There are some tweaks to the rules. Play clocks are shorter and coaches get to throw flags and go for two. Team building has changed with the introduction of the salary cap and modern free agency. The stadium is different, with cozy RFK Stadium being replaced with concrete behemoth FedEx Field. For the first time in 23 years, Sonny, Sam and Frank aren't in the radio booth together. In fact, when the dust settled from the 16-10 season-opening victory over the Tampa Bay Buccaneers, it seemed as though the only constant was Coach Gibbs himself.
Sure, he was digitally remastered for 2004. The classic mesh-backed Big 'R' hat and aviators got a 21st century makeover. Aesthetics aside, this game was vintage Gibbs-brand football.
The play that everyone will remember was Clinton Portis' 64-yard touchdown run on the opening drive of the game. Besides showcasing the newly acquired backs' breakaway speed, it was also a textbook example of team blocking. Just before Portis grabbed the hand-off, eight of the Buccaneers' eleven defenders were engaged by a Redskins blocker. By the time he juked linebacker Shelton Quarles out of the play, James Thrash, Rod Gardner, Laveranues Coles, Walter Rasby and the offensive line had opened lanes so wide Trung Canidate could have scored.
That strong blocking carried on throughout the game. The Redskins rushed the ball 39 times for 166 yards against a still-formidable Monte Kiffin-led defense. In stark contrast to last year's team, Simeon Rice and his teammates were held without a sack. It was everything the Redskins under Steve Spurrier wasn't. All year long we've been told Gibbs would protect the quarterback at all costs and pound the ball with the running backs, and that is exactly what happened.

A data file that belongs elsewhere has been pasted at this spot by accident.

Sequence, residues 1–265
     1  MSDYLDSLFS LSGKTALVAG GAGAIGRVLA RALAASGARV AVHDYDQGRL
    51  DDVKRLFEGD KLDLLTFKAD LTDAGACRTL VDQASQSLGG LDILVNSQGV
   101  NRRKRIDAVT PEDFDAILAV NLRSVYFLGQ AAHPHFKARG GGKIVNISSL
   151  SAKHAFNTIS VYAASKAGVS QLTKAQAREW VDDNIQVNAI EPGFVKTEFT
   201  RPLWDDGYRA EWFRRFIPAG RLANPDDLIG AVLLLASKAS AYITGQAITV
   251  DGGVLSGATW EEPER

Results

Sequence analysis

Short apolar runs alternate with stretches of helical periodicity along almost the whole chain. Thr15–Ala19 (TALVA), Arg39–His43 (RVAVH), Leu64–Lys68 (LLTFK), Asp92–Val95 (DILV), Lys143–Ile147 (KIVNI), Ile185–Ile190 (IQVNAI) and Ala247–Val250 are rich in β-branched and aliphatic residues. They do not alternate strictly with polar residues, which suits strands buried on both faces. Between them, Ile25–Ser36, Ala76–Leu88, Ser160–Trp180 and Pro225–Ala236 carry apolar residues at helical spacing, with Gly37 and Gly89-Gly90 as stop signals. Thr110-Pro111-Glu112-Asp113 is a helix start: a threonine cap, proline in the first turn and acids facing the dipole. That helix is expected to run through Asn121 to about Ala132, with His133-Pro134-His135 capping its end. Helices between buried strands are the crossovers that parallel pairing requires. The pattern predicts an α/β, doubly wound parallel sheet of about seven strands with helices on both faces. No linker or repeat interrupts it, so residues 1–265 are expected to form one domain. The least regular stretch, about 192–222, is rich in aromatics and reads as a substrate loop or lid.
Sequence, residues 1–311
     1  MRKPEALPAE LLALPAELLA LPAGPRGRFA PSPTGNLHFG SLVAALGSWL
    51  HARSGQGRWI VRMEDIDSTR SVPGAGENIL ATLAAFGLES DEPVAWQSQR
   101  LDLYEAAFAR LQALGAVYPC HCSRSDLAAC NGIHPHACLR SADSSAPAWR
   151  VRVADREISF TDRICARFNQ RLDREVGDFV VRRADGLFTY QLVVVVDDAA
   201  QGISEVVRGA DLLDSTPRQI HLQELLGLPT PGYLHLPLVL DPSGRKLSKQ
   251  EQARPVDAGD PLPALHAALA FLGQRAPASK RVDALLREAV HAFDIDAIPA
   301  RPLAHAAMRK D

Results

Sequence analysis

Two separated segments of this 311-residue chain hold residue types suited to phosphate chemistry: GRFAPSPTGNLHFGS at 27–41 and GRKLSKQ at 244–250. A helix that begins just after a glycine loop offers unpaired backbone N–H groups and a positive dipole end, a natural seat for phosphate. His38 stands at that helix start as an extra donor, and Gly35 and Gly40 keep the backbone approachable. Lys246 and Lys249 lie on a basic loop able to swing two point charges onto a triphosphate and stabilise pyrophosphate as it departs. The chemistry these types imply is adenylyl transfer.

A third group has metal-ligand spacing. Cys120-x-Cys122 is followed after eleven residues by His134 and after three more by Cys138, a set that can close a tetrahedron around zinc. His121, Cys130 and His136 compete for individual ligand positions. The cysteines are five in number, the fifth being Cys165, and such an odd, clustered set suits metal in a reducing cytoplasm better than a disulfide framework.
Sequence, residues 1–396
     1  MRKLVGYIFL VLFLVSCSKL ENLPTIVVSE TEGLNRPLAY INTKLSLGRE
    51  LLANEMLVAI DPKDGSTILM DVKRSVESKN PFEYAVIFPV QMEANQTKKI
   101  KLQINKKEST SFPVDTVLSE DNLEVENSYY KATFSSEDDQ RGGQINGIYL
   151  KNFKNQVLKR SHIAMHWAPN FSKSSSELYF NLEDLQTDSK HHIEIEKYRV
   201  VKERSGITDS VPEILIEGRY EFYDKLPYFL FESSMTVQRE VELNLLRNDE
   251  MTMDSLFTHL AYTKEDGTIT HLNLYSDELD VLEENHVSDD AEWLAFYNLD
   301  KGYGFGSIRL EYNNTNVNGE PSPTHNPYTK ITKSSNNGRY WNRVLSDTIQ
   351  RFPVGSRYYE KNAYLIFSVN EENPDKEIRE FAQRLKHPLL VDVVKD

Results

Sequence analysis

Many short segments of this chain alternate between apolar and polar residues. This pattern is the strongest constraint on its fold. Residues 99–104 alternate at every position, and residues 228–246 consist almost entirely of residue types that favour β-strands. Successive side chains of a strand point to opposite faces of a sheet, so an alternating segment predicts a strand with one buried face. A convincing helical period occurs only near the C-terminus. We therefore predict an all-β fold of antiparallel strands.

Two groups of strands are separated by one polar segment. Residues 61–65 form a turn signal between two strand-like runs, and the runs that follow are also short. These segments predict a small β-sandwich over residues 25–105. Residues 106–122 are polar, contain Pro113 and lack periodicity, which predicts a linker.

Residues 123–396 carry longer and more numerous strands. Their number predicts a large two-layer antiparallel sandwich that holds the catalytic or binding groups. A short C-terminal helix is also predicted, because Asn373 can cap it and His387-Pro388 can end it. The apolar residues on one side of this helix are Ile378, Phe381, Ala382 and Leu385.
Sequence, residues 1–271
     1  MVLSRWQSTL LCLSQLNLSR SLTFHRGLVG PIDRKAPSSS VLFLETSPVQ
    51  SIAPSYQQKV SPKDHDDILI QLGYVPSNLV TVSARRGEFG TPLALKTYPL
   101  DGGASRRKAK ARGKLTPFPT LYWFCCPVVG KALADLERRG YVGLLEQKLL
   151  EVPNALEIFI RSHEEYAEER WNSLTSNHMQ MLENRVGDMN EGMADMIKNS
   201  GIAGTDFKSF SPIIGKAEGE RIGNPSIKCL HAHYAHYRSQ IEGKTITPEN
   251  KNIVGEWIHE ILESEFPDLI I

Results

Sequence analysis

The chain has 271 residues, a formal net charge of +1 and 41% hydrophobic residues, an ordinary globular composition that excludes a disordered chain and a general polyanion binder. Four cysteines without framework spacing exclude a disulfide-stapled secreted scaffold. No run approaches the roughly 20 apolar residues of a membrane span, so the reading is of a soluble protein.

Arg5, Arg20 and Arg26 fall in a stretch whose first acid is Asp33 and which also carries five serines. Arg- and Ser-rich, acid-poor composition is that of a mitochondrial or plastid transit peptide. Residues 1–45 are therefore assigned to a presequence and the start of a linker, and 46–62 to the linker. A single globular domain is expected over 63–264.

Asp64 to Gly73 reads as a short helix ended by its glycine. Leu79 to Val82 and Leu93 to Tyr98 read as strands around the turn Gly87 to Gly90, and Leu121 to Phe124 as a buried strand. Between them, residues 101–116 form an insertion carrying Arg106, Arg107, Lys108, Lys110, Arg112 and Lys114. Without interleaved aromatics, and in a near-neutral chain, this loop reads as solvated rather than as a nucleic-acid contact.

Even though Joe and the offense got most of the attention, it was the defense that won the game. In the league's top defensive performance of the week, the aging Bucs were held to 169 total yards and only 30 yards rushing. Jon Gruden's West Coast offense grabbed its initial first down midway through the second quarter. Only once during the game did they get more than two first downs in any one drive. Incidentally, that drive ended with a punt.
For all the hype that rookie Sean Taylor received during the pre-season, he was relatively quiet in his pro debut. Contrary to expectations, he did not get the start at safety for reasons that were vague, at best. Despite the limited action, he did provide a glimpse of what the Redskins can expect of him, both good and bad. An apparent strip of WR Mark Clayton was ruled down by contact on the field and therefore ineligible for a replay. However, earlier in the game he was beaten badly by Joey Galloway for what should have been an easy touchdown.
Several other new additions --- Cornelius Griffin, Marcus Washington and Shawn Springs --- had strong debuts, but it was a pair of unheralded holdovers who stole the show. Matt Bowen turned in the best game of his career with nine tackles, two sacks and a forced fumble. Antonio Pierce filled in for the injured Mike Barrow and grabbed five tackles and an interception of his own. More importantly, it was his skillful quarterbacking of the defense that played a major role in the day's success.
Next up on the schedule are the New York Giants. After being crushed by Donovan McNabb and Terrell Owens in week one, they will be hungry for redemption in their home opener. There are plenty of things to work on in practice this week, namely improving the kick-off coverage units and the quarterback-center exchange. Miscues in those areas were directly responsible for all of Tampa Bay's points. If the new Joe Gibbs is anything like the old, those facets will be dealt with and when the whistle blows at the Meadowlands on Sunday, the Redskins will be ready to play.
Luckily, some things never change.